Paulo Vitor Damo Da Rosa teaches you how to train your dragons.
Of course, that happened during the last season and this victory (coupled with many other strong finishes) catapulted him ahead in the Pro Point race against fellow Hall of Famer Willy Edel, as well as Platinum Pro Thiago Saporito, to claim his spot on the upcoming World Magic Cup as the Brazilian National Champion.
Damo Da Rosa wasn't on the team last year when Edel and Saporito brought theirs to a Top 8 finish, but he is happy to give it a go this year.
But for now, let's focus on attacking Modern. What has PV decided to bring to the tables this weekend?
“I haven't had much time to practice because I was focused on other formats, so I decided to play something I'm comfortable with.”
Sure enough, when he took his deck box out of his backpack, I was not surprised to see him armed with Splinter Twin in his 75. Except that he has eschewed the Black splash of Kolaghan's Command which he brought to the World Championship, and replaced them with White cards such as Restoration Angel and Wall of Omens.
Great cards against “fair” decks.
Naturally, he is sporting the usual suspects such as Deceiver Exarch and Kiki-Jiki, Mirror Breaker, as well as the standard Modern staples of Serum Visions, Remand, Snapcaster Mage, Path to Exile and Lightning Bolt. In a nutshell, a Jeskai Control deck that has access to the combo kill.
“The White cards are worse against other combo decks, but much better against the fair decks such as Jund or Grixis. My deck is nothing special, but my choice is a result of an estimation that the field will be 'fairer'.” One can certainly see his point. You certainly don't want Wall of Omens, Restoration Angel and Path to Exile against Amulet Bloom or Griselbrand. In addition, he is also sporting a second copy of Keranos, God of Storms in a bid to outlast the grind.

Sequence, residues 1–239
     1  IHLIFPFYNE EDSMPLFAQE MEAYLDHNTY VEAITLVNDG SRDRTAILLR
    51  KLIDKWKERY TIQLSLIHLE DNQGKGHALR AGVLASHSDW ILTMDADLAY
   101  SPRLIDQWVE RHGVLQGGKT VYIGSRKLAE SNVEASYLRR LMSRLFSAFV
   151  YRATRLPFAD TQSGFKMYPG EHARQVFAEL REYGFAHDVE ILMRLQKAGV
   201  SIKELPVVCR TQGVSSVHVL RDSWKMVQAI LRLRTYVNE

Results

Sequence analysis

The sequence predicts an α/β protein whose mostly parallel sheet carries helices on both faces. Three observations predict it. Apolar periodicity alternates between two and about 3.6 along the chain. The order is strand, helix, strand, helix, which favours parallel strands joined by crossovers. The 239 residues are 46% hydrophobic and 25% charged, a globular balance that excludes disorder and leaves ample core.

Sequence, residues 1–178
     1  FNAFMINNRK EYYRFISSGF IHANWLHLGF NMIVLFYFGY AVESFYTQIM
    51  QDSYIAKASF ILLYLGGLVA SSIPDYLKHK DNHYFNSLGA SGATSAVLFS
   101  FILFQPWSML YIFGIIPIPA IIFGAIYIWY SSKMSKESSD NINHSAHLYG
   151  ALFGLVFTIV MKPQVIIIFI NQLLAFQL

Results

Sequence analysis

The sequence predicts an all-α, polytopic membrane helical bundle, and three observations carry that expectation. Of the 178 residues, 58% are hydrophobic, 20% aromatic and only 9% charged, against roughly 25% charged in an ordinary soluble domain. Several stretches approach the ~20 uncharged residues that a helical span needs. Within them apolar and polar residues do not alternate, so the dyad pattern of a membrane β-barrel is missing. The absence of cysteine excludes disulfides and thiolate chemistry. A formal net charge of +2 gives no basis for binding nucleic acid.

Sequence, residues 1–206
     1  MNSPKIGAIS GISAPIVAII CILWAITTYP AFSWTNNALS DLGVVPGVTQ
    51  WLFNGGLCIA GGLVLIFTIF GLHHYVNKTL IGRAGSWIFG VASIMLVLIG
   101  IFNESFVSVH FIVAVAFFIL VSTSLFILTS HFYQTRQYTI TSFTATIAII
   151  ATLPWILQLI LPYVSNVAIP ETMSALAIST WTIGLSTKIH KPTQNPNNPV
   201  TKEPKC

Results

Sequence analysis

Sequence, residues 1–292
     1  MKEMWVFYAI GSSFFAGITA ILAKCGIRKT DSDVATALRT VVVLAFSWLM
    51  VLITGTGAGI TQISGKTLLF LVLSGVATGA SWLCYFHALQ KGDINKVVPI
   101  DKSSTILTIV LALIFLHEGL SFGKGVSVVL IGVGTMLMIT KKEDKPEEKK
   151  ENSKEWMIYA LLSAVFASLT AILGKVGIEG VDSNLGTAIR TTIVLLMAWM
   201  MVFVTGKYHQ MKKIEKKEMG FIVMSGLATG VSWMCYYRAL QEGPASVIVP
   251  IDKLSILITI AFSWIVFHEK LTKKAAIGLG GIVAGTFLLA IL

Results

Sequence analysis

When questioned about the prevalence of new archetypes, Damo Da Rosa naturally replied with the possibility of Retreat to Coralhelm and Bring to Light decks. However, he was quick to add that “no matter how popular a deck is in Modern, it will just be the 10%”.
I also quickly noticed that his sideboard was lacking in trumps and Damo Da Rosa's explanation was this.
“Do we play 2 Blood Moon, 2 Stony Silence and 2 Rest in Peace, clogging up 6 sideboard slots? Or should we play 6 cards that are good against all types of control and combo decks. Instead of having one or two copies of a very narrow trump for one particular deck, I've decided to have five or six 'general answers' against all decks.”
Very powerful, but very narrow, sideboard cards are not what PV wants today.
In particular, he recalls playing with Blood Moon in his past two Modern tournaments, and only boarded them in once over two weekends. “When you have cards that are as specific as Blood Moon, you run into the problem of it being entirely useless in your sideboard. Also, as another example, I've chosen to play with Wear // Tear over Stony Silence today. While that is worse against Affinity, I can actually board in Wear // Tear against Amulet Bloom. Today, I'm going with more 'general' cards, such as Dispel, Negate and Vendilion Clique.”
I bade him goodbye for him to get a quick break just as Round 3 is about to end. The Pride of Brazil is just getting started.